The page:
Idea #17: Stronger ties to Seattle

The Bank of America Financial Center, formerly known as the Seafirst Financial Center, represents a bygone era of strong Spokane ties to Seattle in name as well as in action. (PHOTO: Jesse Tinsley/Spokesman-Review)

In 1980, the Spokane skyline welcomed its first newcomer in many, many years. The sleek, shiny Seafirst Financial Center was a modern new look for downtown, perhaps the most architecturally contemporary building currently in operation. But the building also represented something else entirely for Spokane: the strong ties that the city had built over many years with its western, metropolitan neighbor. By recommitting to a major operation in Spokane, SeaFirst (which merged with Bank of America in 1998) showed a high level of confidence in the inland Northwest, even at a time when the area’s downtown was starting to show signs of weakness.

Today, the Bank of America Financial Center, as it is now known, operates in relative obscurity, a simple Class A office building; nothing more, nothing less. But more broadly, Spokane’s ties to Seattle, which have always been significant, have been downplayed, downgraded, and similarly obscured. No longer does a major downtown building illuminate an obvious tie to our larger, older brother. No longer is Spokane’s economy so tied to Seattle’s.

And believe it or not, I think that that’s a bad thing.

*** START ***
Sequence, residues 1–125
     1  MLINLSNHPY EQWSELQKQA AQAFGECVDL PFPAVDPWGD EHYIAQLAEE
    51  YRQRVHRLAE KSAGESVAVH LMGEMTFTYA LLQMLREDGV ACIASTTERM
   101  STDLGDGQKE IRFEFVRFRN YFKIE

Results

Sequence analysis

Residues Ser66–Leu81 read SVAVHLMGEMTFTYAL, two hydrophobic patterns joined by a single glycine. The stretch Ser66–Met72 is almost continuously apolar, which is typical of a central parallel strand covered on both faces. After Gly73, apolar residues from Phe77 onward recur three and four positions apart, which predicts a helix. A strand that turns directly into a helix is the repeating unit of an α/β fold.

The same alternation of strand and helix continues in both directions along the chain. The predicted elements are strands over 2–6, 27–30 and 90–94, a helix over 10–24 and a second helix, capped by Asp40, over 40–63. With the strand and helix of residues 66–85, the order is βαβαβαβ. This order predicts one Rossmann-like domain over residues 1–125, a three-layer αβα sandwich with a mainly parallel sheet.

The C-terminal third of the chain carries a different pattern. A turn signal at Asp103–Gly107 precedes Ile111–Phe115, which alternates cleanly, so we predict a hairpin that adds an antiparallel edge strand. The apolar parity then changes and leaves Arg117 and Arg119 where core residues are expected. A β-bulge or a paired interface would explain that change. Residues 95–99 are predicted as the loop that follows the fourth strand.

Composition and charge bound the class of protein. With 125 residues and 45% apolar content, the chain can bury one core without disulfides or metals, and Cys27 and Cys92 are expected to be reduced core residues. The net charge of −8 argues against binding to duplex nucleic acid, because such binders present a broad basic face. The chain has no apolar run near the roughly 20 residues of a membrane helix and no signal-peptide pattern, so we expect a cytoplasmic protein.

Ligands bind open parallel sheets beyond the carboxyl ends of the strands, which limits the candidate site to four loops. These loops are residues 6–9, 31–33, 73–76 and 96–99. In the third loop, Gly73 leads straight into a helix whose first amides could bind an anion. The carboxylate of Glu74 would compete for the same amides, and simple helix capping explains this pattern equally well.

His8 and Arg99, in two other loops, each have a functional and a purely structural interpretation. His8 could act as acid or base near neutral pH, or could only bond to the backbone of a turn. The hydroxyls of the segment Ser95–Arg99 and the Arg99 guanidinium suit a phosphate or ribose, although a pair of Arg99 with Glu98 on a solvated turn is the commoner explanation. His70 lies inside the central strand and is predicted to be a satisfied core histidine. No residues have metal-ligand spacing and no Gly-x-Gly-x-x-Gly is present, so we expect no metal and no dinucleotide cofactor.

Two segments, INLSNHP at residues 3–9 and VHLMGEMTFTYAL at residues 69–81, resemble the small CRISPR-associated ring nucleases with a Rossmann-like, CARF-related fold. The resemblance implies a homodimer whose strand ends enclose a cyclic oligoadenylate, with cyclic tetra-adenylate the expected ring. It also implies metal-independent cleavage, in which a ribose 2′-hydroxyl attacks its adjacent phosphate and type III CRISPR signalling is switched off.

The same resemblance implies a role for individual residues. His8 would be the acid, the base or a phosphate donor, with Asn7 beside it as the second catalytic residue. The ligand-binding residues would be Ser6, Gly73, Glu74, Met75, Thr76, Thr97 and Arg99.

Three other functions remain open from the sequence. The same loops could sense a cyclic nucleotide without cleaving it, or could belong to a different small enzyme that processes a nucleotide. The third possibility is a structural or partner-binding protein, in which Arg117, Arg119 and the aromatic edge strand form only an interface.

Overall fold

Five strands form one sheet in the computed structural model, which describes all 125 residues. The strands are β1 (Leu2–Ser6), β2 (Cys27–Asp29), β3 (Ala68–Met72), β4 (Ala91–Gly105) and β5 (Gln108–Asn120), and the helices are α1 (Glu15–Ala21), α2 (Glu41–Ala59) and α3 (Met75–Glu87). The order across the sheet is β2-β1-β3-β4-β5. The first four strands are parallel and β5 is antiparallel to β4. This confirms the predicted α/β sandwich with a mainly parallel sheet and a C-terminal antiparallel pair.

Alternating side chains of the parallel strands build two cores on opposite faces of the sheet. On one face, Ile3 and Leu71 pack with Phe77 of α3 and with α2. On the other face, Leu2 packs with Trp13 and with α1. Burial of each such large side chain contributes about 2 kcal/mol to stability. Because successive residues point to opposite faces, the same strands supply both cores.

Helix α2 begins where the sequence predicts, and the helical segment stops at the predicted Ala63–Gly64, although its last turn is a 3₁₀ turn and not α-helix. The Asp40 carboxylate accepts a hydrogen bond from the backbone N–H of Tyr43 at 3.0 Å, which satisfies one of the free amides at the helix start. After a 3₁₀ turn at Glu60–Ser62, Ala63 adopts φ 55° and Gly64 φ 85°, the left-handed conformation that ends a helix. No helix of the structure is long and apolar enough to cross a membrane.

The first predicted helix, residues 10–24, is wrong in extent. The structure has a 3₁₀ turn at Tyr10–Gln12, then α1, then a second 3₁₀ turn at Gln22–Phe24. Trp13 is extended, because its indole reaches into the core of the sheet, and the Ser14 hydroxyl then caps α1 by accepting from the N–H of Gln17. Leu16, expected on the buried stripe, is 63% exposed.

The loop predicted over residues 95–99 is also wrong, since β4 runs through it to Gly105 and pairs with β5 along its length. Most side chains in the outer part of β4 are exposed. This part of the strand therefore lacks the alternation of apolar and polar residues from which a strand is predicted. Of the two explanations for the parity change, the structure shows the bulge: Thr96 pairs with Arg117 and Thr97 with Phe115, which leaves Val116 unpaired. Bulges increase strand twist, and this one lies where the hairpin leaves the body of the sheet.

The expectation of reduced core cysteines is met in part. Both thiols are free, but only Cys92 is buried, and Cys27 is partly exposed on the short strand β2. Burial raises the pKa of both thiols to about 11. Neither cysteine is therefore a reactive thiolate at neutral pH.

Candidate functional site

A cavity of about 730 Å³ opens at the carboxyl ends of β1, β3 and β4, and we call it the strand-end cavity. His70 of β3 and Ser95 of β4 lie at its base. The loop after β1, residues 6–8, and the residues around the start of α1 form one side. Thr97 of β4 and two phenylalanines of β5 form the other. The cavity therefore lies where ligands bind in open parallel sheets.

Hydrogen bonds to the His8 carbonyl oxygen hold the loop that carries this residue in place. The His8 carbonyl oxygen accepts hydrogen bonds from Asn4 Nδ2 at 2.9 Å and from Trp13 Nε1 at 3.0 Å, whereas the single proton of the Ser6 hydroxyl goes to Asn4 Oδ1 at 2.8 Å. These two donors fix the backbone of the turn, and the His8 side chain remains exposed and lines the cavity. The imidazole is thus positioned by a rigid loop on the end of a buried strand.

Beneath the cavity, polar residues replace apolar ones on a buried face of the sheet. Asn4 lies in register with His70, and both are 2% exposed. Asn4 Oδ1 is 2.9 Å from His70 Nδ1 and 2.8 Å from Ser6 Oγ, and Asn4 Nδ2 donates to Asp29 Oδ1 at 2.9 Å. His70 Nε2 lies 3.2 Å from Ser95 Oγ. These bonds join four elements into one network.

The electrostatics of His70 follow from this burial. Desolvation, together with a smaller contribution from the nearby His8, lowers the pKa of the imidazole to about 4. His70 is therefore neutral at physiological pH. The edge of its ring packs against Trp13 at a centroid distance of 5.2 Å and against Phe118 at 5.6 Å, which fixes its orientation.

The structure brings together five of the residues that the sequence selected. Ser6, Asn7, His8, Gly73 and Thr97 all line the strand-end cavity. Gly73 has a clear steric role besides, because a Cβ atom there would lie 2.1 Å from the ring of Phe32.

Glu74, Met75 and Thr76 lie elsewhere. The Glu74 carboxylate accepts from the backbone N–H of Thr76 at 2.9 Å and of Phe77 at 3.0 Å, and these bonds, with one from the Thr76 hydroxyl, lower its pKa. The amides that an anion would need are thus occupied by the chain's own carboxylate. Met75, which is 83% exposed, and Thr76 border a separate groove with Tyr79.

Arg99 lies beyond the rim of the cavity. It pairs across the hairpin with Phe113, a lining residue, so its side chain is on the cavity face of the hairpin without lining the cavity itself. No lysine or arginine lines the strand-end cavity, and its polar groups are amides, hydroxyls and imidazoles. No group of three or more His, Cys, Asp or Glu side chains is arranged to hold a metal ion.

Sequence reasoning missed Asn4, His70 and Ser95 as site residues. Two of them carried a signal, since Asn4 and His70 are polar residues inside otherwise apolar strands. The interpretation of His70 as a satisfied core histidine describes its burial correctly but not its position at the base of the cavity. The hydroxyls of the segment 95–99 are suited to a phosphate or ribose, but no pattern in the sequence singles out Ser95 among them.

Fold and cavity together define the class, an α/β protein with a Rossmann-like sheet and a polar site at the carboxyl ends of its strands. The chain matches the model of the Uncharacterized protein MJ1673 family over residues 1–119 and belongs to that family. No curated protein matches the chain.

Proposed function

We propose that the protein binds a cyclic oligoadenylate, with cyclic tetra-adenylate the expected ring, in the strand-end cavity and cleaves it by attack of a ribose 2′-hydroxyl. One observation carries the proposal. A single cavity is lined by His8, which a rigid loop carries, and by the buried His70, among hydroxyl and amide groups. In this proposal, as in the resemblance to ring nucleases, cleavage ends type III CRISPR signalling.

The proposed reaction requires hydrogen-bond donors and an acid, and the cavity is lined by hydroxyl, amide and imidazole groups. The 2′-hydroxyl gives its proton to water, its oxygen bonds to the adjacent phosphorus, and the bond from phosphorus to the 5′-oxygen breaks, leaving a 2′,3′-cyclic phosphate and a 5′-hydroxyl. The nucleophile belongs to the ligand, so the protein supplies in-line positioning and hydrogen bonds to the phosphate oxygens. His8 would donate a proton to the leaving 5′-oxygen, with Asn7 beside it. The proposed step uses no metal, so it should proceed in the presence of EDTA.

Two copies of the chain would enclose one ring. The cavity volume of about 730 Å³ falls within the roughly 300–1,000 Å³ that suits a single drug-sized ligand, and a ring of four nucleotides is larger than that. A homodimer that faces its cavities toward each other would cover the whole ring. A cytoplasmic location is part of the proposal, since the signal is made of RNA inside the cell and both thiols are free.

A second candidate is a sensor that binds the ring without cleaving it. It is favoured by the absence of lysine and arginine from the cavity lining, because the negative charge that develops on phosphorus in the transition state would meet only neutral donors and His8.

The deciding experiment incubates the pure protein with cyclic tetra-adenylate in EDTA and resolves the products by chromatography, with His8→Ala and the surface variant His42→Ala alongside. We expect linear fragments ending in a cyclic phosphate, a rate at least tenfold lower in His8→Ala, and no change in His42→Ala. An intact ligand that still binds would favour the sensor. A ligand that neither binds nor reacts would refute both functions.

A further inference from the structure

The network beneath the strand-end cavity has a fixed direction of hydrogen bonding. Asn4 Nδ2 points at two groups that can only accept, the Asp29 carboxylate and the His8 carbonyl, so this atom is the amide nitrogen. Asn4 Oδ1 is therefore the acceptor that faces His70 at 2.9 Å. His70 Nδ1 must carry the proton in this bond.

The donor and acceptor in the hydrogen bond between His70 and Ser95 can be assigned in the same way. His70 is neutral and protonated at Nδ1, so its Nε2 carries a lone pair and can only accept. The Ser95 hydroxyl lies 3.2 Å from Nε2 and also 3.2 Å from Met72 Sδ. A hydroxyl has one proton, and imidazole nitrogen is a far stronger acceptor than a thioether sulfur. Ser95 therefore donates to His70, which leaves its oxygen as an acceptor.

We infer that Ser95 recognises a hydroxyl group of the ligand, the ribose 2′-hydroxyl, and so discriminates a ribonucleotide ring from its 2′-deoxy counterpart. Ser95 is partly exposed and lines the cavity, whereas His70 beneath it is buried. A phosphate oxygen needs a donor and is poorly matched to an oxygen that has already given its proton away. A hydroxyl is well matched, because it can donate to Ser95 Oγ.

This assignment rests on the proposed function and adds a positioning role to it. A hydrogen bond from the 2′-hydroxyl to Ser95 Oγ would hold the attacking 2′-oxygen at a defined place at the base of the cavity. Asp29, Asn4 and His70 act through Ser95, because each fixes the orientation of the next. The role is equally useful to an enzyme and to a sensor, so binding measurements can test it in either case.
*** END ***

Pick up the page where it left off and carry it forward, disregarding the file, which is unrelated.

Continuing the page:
Seattle could be an incredible marketing point for Spokane. We certainly have incredible access. Business travelers can choose between one of twenty daily flights on Alaska/Horizon or Delta, which offer best-in-class mileage programs, or a pretty simple four-hour drive. We offer a much lower cost of doing business, a lower cost of living, and an amazing quality of life, with easy access to outdoor recreation on local lakes, mountains, and trails. We have four universities, best-in-class medical facilities and doctors, and real resources and opportunities for expansion in the biomedical and technology industries. We could be an excellent complement to Seattle.

We should be trying to attract Washington companies. We’ve already attracted McKinstry. Imagine Amazon or Microsoft opening a research and development facility here, away from the lights, distractions, and spotlight of metro Seattle. Imagine Stryker (medical devices) or Genzyme (rare disease therapies) opening engineering facilities, with the benefit of world-class doctors and hospitals right down the street. We should be using Seattle to our benefit.